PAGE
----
In the West, drinking tea is a tradition to which we do not attach too much importance. We heat the water until it boils, pour it over the cup in which we put the tea bag and wait a few minutes until we see the water changes its color and when we consider it is ready, we take it out and drink it. This is what we do, but the reality, or rather the origin of preparing tea goes much further. So much so that the so-called Japanese tea ceremony is a tradition that in its country of origin, Japan, is studied in detail and impregnated with the utmost care and respect.
What is it and what does the tea ceremony imply in its purest state? We invite you to discover it together. If you are a tea lover, you will like to know how a good tear is prepared in the most “purist” way, although you will not always be able to do it due to the rhythm of your daily life.
What is the Japanase tea ceremony?
The tea ceremony is one of Japan’s most deeply rooted but also best-known traditions. Despite we have all heard more and more about this ceremony at some point, the reality is that we don’t know what it exactly is and how we should do it if we want to replicate it.
Like almost everything else in Japan, preparing tea is an art and in that country. It is a matter of doing everything with the utmost care and absolute respect. Calm and beauty impregnate some aspects that for us can be every day and without much importance as it is to prepare a cup of tea.
Likewise, if we want to know more about the Japanese tea ceremony, we must turn to the Chinese tradition, the predecessor of many of the customs that we consider to be typical of Japan today.
Origin and essence of the Japanese tea ceremony
Tea came to Japan from China in the 9th century through Buddhist monks who carried it with them. Shortly after, it became a popular and habitual drink consolidating itself as a must above all, green tea.
Over the years, and thanks to the Japanese style of doing things, the tea ceremony became increasingly important to become an art for which learning and perfecting can be devoted a lifetime.
The object of the tea ceremony is not only to prepare a delicious drink and extract the greatest benefits and tones (in aroma and taste) from the tea itself, but also, based on Zen philosophy, to endow this moment with a spiritual character that serves to purify the soul thanks to the union with nature represented in the tea leaf.
The tea ceremony is an event of sensory union that takes place between the host and the person responsible for the preparation with the guest who accepts with the utmost respect what was prepared and is being offered.
Harmony, purity, respect and tranquility are the four cornerstones of the tea ceremony that are always present in this sublime moment. It is as curious as masterful how a single moment that can be so simple a priori brings together so much spiritual power and strength for the soul.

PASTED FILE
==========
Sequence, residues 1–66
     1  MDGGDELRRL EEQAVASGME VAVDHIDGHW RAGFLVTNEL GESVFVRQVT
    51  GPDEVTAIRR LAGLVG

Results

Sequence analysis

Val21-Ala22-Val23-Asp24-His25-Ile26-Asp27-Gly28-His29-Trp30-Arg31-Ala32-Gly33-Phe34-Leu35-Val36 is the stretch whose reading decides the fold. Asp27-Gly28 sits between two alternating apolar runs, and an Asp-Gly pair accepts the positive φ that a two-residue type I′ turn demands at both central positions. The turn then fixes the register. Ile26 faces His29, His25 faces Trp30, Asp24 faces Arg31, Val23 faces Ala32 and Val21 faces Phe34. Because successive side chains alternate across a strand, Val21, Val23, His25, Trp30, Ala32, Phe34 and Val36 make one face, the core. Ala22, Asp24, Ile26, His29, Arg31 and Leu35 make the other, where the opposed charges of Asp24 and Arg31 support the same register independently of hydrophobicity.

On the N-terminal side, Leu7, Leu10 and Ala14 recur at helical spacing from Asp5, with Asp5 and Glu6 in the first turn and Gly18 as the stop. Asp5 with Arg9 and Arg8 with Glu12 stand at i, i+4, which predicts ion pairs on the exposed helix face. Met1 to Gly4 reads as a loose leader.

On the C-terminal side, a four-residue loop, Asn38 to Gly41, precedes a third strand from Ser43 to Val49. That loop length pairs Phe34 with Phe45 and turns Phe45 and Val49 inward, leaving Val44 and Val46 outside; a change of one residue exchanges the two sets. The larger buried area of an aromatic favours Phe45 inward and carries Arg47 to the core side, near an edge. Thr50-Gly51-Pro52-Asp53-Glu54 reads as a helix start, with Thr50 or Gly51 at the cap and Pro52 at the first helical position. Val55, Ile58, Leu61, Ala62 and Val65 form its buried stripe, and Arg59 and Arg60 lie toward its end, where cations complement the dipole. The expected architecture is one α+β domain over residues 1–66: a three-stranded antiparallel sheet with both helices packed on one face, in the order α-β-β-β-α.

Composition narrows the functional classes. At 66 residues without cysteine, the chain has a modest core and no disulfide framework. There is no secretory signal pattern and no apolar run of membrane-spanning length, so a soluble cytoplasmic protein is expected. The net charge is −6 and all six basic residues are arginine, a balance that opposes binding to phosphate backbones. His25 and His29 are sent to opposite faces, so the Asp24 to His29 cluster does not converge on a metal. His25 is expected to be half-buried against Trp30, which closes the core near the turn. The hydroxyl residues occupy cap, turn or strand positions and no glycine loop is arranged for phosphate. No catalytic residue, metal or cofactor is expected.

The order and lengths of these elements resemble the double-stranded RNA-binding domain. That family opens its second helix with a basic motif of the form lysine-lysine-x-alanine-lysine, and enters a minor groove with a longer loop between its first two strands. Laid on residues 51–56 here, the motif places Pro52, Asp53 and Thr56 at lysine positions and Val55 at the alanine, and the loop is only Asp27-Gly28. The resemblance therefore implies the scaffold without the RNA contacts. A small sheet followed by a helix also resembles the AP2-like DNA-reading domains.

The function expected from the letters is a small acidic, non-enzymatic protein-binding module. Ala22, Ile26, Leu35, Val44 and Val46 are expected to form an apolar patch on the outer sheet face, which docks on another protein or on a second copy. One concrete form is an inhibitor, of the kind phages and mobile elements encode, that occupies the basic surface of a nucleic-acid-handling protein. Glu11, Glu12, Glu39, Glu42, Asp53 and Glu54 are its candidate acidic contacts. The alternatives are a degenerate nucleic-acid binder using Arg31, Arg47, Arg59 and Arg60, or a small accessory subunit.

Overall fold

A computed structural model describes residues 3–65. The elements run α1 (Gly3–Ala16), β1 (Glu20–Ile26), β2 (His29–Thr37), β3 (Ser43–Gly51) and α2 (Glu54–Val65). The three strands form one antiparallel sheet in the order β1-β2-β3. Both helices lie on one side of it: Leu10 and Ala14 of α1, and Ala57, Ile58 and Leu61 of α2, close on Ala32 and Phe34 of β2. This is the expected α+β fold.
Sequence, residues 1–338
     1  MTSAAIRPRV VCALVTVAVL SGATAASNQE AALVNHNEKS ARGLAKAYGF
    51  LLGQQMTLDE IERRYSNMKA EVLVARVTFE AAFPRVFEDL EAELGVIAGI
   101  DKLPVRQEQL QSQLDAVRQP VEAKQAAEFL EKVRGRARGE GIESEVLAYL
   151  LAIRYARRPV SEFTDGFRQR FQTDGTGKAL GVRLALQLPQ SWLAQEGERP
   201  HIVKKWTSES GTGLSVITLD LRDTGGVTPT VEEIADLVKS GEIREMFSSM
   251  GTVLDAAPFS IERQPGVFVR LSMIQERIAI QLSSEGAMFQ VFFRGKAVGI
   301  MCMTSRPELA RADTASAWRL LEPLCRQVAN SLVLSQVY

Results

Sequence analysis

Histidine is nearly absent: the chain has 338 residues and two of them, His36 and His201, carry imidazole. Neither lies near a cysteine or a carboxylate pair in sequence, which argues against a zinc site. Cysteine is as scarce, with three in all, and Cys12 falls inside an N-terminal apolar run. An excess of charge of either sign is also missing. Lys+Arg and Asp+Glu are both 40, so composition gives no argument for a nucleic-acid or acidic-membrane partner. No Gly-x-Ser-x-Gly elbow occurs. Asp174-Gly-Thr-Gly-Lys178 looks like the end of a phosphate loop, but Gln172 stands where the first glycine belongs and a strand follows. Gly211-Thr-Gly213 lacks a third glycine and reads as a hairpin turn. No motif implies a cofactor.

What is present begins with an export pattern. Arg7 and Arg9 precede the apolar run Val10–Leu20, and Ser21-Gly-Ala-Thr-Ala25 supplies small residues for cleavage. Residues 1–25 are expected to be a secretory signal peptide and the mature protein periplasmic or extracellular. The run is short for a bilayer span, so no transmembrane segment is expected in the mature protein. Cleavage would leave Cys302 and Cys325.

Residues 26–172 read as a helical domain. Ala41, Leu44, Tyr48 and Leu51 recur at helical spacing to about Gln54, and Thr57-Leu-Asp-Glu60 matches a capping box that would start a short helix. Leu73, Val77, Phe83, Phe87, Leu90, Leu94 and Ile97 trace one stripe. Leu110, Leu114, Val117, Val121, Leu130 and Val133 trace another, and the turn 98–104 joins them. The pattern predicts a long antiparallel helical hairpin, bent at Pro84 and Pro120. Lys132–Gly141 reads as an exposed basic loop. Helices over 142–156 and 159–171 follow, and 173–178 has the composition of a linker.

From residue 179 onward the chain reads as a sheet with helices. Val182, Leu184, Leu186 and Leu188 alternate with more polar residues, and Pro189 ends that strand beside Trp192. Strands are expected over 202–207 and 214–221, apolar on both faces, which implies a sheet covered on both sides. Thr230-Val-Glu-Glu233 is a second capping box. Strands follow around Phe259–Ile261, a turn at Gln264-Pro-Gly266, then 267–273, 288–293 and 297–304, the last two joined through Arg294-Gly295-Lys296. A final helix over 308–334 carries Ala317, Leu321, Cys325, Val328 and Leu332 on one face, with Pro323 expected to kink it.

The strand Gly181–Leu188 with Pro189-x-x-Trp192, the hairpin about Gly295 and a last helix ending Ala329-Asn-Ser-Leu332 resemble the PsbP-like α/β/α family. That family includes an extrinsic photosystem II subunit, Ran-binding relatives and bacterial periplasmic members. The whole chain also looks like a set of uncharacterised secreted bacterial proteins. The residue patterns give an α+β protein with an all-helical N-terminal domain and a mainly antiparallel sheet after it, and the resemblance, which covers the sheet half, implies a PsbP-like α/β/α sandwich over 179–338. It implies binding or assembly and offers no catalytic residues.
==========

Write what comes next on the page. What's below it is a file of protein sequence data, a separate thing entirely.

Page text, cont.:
One of the most important aspects to perform a proper tea ceremony is, hands down, the utensils to be used. Everything counts and, like almost everything in life, it is critical to do it with the appropriate elements and quality products.
- Fresh water: the water to be heated in the teapot.
- Pot to prepare the tea: ceramic or lacquer (depending on the type of tea).
- Tea spoon.
- Cloth of thread: with which the bowl will be cleaned.
- Bamboo scoop (when preparing powdered Matcha tea).
- Ladle to serve the tea.
- Bowl to beat and drink the tea.
- Iron teapot to heat the water.
- Charcoal bucket and ash container to heat the water.
Obviously, preparing tea in the purest Japanese style is not easy. You can spend a lifetime learning in detail something that otherwise does not bother the Japanese who work, and a lot of, on the constant patience.
Types of Japanese tea ceremonies
If we travel to Japan, we can attend two types of tea ceremonies that differ mostly by their duration:
It is the lightest ceremony and is used as a time of reception and to show hospitality to guests.
This ceremony is based on the preparation of a light tea (usucha) accompanied by a light snack called tenshi.
The Chaji is the longest tea ceremony. So much so, that it can even last four hours during which moments of preparation and tasting of the tea (denser than the previous one – koicha) will alternate in itself with moments to eat in an orthodox way – kaiseki.
In addition to these two ceremonies which are the most widespread, you can also enjoy two lighter tea ceremonies if their host allows it, which can be held outdoors or anywhere where it is possible to take tea. These ceremonies are known under the names of sado and nodate.
When traveling to Japan
Today, for those traveling to Japan, being lucky enough to participate in an authentic tea ceremony (but those held in private rather than “touristic” settings) is something that should always be kept in our memory of unique experiences because it will surely be very difficult to repeat under normal circumstances. In case of having this great opportunity, we should always be very grateful and value the gift we are given as it is one of the most intimate moments for the Japanese. Without a doubt, they are opening the doors of their home to us and giving us an exceptional sign of their affection for us. The tea ceremony is one of the great gifts of Eastern culture.
We are convinced that from now on, you will prepare each cup of tea with much more full attention and awareness of your movements. Take advantage of that moment to work on your stillness, respect for yourself and the elements, harmony, purity and cleanliness… After all, tea is a tasty drink (in all aspects) that helps us purify and cleanse our body. May it also do so at the level of consciousness in these hectic times.
A cup of tea, a moment of stillness for your mind.
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